Much of Iriga is mountainous as the skyline is dominated by the majestic Mt. Asog (aka. Mt. Sumagang, mt. Iriga). It is located about 400 kilometers south of Manila, 37 kilometers south of Naga, and about 61 kilometers north of Legazpi City. It is bounded by the town of Buhi in the east, by the municipalities of Baao, Nabua and Bato in the west, by the province of Albay in the south, and by the municipalities of Ocampo and Sangay in the north. It has several natural springs which is the source of clean water for its residents as well as neighboring towns.
Mount Iriga also known as Mt. Asog, is an old volcano in the Bicol Region. It rises 1,196 m (3,924 ft) with a base diameter of 10 kilometers. It is a small stratovolcano immediately SW of Lake Buhi in southern Luzon, Philippines. The volcano is dominantly andesitic in composition, but has several basaltic flank cones. It has a large crater breached to the SE, which formed during a massive flank failure that produced a large debris avalanche which buried several villages and formed a hilly, irregular deposit on the plain south of Lake Buhi 4 km from the summit.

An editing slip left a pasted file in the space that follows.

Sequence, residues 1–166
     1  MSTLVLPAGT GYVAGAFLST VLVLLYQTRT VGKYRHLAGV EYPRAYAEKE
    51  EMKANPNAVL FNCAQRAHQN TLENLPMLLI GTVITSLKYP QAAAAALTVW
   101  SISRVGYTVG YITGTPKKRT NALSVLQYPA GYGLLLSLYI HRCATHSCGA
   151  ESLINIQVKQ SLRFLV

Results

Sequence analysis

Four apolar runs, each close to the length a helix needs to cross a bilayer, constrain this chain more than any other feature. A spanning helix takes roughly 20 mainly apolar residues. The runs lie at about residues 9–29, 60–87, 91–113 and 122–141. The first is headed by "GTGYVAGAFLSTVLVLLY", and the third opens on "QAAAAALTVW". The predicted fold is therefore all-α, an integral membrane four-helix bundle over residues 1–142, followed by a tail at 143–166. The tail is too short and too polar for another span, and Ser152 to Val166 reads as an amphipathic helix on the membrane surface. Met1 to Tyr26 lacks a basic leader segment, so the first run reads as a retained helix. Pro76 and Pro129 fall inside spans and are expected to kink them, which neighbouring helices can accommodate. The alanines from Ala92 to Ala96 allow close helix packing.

Although it is outshined by the world-famous Mt. Mayon to the south and the higher, grander Mt. Isarog to the north, it possesses its own charms. For one, the views at the peaks (yes, plural) are breathtaking, offering a view of Mt. Mayon, Mt. Malinao, at Mt. Masaraga on the south; and even a distant Catanduanes southeast. Knife-edged slopes characterize the contour of this mountain, especially in the Buhi side. Mt. Asog has a colorful history. It was named after a ancient datu (chieftain) of the Agtas named Asog, who reigned over the region. Sometimes it is also called Mt. Sumagang, which means “Mountain of the Rising Sun”. In some lowland areas, the sun seemingly rises from the mountain itself. Being on the eastern side of Luzon, the sun rises majestically from the Pacific Ocean when viewed from its summit.
Iriga is part of the Bicol volcanic arc which comprises at least 12 volcanic vents and complexes and is one of the 3 historically active, but the least active centers of the arc (the other 2 being Mayon and Bulusan). Iriga has only 2 known recorded eruptions in historic times.
The catastrophic debris avalanche of Iriga volcano had been believed to have occurred during the 1628 AD eruption, but later work has now shown that the collapse and eruption occurred earlier at some unknown date in the past few thousands years. The avalanche was followed by phreatic explosions that created a small crater at the base of the scarp. The horse-shoe shape of Mt. Asog is compared to Mt. St. Helens in Washington State in the United States which had a similar massive flank failure in recent geological times.